design conditions (without considering uncertainties) could behave in a completely
different manner in the crash process when a critical parameter or condition of the
system is changed (even if only slightly) due to the uncertainties. In other words, an
optimal design may no longer be optimal if uncertainties in the system are
considered. This has been previously demonstrated through the example thin-walled
tube crash problem. In summary, uncertainties should be included in
crashworthiness designs to achieve design robustness.
63



2.11 Summary
The objective of this research is to develop a generalized approach for vehicle
crashworthiness and blast protection designs, to be employed in a systematic way to
assist problem solving by integrating all aspects as discussed above. This objective
is realized by an innovative Magic Cube (MQ) structure as shown in Fig. 2.25.


Figure 2.25: The magic cube (MQ) for crashworthiness and blast protection designs

The MQ consists of three major dimensions: decomposition, design
methodology, and general consideration. The decomposition dimension includes the
major decomposition approaches developed for the crashworthiness design problems,
and it can be applied to the blast protection design problems. It has three layers: time
(process) decomposition, space decomposition, and scale decomposition. The design
64



methodology dimension is related to the methodologies employed in the design
process; three layers in this dimension are: target cascading, failure mode
management, and optimization technique. The general consideration dimension has
three layers, which are multidisciplinary objectives, loadings, and uncertainties. All
these layers are coupled with each other to form a 27-element magic cube (MQ). A
complicated crashworthiness or blast protection design problem can be solved by
employing the appropriate approaches in the MQ, which can be represented by the
corresponding elements of the MQ. The application of the MQ approach to general
crashworthiness and blast protection problems are discussed in the following
chapters.




65



CHAPTER III

Crashworthiness Design of a Vehicle System Using the
Magic Cube Approach


In this chapter, the proposed Magic Cube (MQ) approach is employed on the
crashworthiness design of a representative vehicle system; the aim is to show the
feasibility and effectiveness of this approach in solving a complicated system-level
crashworthiness design problem.
3.1 Problem Description
A representative vehicle is crashed (100% frontal) into a rigid wall at a speed of
35 mph. The finite element (FE) analysis is conducted to simulate the event using
LS-DYNA, see Fig. 3.1a. It is obvious from Fig. 3.1b that there exist two large
peaks in the crash force history curve predicted by the simulation; the second peak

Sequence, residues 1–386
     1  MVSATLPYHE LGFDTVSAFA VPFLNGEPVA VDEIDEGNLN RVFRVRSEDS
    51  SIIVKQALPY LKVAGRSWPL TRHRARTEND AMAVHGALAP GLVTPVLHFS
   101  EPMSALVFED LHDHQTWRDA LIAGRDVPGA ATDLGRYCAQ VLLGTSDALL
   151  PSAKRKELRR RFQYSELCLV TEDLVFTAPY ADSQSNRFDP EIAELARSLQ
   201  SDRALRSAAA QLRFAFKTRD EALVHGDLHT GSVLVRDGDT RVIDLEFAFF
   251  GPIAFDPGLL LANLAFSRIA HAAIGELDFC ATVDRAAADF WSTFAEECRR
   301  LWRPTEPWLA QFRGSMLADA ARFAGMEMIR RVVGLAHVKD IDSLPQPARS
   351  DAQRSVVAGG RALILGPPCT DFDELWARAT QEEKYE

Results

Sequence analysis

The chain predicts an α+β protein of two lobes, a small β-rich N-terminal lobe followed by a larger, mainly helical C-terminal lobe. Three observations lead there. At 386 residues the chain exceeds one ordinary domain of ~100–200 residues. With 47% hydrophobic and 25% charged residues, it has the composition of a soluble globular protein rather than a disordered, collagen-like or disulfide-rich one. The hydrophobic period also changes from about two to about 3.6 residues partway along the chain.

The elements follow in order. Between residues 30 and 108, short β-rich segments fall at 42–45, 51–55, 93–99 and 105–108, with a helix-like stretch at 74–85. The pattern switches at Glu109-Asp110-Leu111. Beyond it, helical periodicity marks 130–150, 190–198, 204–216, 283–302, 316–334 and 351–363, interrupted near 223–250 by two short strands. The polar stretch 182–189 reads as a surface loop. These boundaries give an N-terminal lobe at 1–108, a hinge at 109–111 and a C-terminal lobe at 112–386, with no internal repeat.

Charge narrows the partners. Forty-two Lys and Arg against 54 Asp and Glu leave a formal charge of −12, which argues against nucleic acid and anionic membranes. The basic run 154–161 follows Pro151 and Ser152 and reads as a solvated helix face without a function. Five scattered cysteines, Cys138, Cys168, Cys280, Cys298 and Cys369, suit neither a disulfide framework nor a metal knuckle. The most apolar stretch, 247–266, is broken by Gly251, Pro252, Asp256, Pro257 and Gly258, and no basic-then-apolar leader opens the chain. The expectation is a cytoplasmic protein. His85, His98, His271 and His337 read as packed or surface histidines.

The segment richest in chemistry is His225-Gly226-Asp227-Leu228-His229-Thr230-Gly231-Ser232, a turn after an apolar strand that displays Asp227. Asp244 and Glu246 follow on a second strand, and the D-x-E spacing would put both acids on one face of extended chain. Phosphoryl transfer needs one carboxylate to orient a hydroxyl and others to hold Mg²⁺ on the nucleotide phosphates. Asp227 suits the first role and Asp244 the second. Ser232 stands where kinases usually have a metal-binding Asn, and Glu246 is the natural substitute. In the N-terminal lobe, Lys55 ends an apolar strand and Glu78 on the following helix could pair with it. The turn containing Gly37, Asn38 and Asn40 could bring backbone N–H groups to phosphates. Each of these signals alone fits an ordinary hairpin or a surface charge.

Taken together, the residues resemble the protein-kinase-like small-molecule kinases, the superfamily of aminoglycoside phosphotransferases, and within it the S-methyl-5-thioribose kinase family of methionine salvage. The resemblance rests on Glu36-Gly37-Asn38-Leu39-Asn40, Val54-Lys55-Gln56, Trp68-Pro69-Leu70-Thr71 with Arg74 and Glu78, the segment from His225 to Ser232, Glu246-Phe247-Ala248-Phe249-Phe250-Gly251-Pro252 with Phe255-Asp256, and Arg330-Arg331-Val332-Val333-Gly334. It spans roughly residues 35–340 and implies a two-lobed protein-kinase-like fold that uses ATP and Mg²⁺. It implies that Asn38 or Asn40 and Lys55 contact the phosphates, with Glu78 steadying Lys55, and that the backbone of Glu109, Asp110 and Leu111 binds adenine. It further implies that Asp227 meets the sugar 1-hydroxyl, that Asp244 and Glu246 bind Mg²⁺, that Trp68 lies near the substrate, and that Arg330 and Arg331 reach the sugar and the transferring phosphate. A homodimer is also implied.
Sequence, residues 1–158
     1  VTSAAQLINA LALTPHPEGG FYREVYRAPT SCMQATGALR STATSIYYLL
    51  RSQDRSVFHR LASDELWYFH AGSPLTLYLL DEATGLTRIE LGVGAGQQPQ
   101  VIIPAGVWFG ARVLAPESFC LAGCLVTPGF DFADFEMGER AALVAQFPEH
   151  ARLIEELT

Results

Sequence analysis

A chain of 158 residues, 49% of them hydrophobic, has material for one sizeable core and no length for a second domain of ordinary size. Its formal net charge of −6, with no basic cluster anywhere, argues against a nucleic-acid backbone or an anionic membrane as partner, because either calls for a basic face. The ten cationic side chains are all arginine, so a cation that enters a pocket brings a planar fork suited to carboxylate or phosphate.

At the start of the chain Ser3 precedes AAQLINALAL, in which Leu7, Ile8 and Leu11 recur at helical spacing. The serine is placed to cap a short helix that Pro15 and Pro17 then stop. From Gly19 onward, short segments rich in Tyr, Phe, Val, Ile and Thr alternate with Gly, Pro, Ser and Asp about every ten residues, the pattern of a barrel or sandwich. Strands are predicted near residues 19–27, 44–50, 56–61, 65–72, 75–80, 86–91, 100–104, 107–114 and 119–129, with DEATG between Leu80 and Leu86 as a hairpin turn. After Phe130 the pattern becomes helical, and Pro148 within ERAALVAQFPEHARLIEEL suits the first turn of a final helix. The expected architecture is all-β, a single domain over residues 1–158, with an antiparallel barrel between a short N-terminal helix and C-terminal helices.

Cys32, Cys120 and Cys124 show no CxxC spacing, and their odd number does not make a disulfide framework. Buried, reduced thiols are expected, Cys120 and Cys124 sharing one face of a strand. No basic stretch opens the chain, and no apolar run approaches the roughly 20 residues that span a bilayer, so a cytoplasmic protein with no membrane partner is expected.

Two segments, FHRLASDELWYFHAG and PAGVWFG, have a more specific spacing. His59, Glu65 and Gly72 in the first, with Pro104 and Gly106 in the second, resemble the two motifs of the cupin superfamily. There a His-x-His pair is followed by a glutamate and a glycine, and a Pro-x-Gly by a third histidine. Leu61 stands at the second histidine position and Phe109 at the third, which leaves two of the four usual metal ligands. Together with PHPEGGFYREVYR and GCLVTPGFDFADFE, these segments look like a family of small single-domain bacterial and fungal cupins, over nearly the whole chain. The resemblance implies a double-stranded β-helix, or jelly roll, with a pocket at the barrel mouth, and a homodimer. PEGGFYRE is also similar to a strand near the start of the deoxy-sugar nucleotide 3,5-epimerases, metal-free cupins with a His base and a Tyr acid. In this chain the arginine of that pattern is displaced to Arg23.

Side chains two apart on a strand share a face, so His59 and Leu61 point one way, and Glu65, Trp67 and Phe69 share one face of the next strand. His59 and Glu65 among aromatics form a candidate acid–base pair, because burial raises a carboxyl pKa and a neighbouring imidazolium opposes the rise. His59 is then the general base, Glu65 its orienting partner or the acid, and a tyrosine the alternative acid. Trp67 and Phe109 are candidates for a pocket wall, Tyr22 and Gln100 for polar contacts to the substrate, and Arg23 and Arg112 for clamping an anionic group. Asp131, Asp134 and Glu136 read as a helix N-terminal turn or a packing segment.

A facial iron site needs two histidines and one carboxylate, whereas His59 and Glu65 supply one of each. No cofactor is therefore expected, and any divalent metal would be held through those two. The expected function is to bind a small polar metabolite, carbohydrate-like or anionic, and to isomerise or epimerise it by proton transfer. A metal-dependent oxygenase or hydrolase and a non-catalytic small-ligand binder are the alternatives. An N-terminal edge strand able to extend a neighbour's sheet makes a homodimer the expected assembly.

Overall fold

force is unacceptable because it results in a large cabin deceleration, with the
potential of injuring the occupants as illustrated in Fig. 3.1c. An ideal crash force
history curve is proposed which has a constant level during the whole crash process.
An improved design is sought in the following to push the crash force toward this
ideal curve, aiming to achieve a less severe cabin deceleration, thereby reducing
66



potential occupant injuries.

(a)


(b)


(c)

Figure 3.1: A vehicle system crashworthiness design problem: (a) finite element simulation of the
vehicle crash; (b) crash force history and ideal curve for design improvement; and (c) cabin
deceleration history.
67



3.2 Implementation of Time Decomposition


Figure 3.2: Time decomposition of the vehicle crash process at the system level

The time decomposition approach is first employed to simplify the design
problem. As shown in Fig. 3.2, the overall crash process is decomposed into two
major scenarios; the first scenario includes the peak force at 17 ms t = , and the
second scenario includes the peak force at 44 ms t = . It is found from the FE
analysis that the peak force in the first scenario is associated with the coupled
deformation of the following components and assemblies: after frame, frontal frame
and bumper assembly, roll bar, and sheet metal assembly, as shown on the left side of
Fig. 3.2. The peak force in the second scenario is understood to be associated with
the failure of the engine mounts and the rebound of the large engine mass. We
define Scenario 1 as the crash process that takes place in the time domain 0 to 30 ms,
and Scenario 2 as that which takes place in the interval between 30 and 60 ms. Due
68



to varying physics in different scenarios, the design problem can be decomposed in
the time domain as two consecutive design tasks.
By employing the time decomposition, the original design task is much
simplified, and a sequence of design processes can be considered.
3.3 Meta Model for Space Decomposition
After employing time decomposition to simplify the design problem as two
consecutive design tasks, the space decomposition approach is to be utilized in
Scenario 1 design to obtain the design target for each assembly and component
through the target cascading process. To assist this design process, a meta-model
with a computational cost that is lower than the computational cost of the original FE
model needs to be developed. The reason for this relies on the following fact: the
target cascading process for the space decomposition is to be formulated as an
optimization problem, and this optimization problem needs to be solved efficiently
to obtain the assembly and component design targets; the FE model is
computationally expensive and is not suitable for this purpose. Base on this, a